Ulster Bank buries bad news on bad loans on budget day

Cantillon: While everyone was preoccupied it revealed it would sell €800m of mortgages

Ulster Bank revealed at 4pm on Tuesday, as journalists, politicians and the wider public were preoccupied by Budget 2020, that it had agreed to sell the mortgages. Photograph: Nick Bradshaw

Ulster Bank revealed at 4pm on Tuesday, as journalists, politicians and the wider public were preoccupied by Budget 2020, that it had agreed to sell the mortgages. Photograph: Nick Bradshaw

 

The Jo Moore award for burying bad news on a busy day this year goes to... Ulster Bank.

Moore was a Labour Party spin doctor in the UK who infamously sent an email within her department on the day of the 9/11 terrorist attacks in 2001, saying it was “a very good day to get out anything we want to bury”.

Ulster Bank revealed at 4pm on Tuesday, as journalists, politicians and the wider public were preoccupied by Budget 2020, that it had agreed to sell €800 million of mortgages.

Even the wording of the press release was ambiguous: “Pepper Finance Corporation (Ireland) DAC will become the legal owner and Servicer of the mortgages. The purchase is being financed by funds managed by CarVal Investors LLC.”

Any casual reader would assume that Pepper, a loan service provider, had actually bought the loans. It took a bit of digging to ascertain that it was CarVal, a US distressed debt investor, which would be known as a vulture fund in certain parts, was actually buying the portfolio.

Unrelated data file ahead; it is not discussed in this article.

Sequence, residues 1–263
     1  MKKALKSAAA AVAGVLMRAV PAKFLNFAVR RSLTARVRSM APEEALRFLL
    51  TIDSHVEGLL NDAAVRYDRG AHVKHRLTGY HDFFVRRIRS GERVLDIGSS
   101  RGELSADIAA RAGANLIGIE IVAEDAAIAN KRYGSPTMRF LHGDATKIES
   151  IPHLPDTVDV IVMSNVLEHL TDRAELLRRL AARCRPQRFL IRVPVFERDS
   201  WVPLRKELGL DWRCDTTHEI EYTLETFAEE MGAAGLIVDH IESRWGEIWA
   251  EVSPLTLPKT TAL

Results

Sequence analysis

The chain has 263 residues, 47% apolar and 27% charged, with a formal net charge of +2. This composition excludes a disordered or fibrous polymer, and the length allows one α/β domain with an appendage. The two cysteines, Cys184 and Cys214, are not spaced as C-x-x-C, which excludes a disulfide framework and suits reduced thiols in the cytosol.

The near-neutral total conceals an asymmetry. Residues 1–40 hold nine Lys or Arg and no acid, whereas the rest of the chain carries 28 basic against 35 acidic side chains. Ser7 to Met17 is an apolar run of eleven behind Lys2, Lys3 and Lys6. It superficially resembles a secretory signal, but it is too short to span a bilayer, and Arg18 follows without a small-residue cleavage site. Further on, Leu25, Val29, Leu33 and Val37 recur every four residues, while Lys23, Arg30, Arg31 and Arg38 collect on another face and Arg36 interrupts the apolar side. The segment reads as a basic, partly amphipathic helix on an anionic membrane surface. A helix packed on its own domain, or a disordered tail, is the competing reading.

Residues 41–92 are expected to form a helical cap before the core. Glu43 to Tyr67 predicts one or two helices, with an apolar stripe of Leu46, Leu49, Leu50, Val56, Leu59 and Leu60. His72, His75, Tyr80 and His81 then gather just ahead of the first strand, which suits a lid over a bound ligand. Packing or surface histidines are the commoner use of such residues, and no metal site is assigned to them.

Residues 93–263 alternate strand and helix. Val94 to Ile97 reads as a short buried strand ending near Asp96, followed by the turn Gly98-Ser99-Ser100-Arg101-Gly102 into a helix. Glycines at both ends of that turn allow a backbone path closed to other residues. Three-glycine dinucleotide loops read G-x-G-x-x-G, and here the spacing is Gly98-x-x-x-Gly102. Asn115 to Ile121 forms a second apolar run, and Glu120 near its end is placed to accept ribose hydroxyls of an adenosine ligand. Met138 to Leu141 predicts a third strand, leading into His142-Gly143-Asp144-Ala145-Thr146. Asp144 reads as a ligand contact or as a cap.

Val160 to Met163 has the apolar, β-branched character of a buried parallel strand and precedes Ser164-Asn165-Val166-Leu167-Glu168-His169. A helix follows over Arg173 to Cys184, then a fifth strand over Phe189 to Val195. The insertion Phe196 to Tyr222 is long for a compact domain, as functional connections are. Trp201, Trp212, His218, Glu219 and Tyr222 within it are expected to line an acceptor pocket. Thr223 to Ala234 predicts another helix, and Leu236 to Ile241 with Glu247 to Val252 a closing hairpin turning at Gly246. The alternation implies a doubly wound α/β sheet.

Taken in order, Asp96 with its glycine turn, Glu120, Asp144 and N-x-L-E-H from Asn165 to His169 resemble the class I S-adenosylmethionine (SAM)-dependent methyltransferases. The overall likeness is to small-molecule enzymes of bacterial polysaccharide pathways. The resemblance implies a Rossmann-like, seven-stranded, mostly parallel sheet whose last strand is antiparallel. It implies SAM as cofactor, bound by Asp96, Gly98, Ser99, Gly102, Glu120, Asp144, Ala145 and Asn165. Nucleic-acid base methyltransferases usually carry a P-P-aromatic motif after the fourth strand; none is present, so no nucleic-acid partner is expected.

“This is a difficult decision, taken following a period of concentrated engagement with customers,” the release said. “Our preference is to work with customers to find a solution that keeps them in their home while paying a mortgage that is affordable for them in the long term. This is not possible for every customer.”

The portfolio does appear to be full of very difficult cases. The average owner-occupier loan was €36,000 in arrears after 28 missed payments – and five forbearance attempts by the bank.

Banks are under pressure from regulators to do whatever they can to shift non-performing loans (NPLs) off their books to protect themselves, their investors, depositors – and, ultimately, taxpayers – in the event of another crisis. Loan sales are a necessary tool as part of that process.

But announcing a sale on one of the busiest news days of the year plays into the hands of those who accuse them of throwing borrowers to the wolves.

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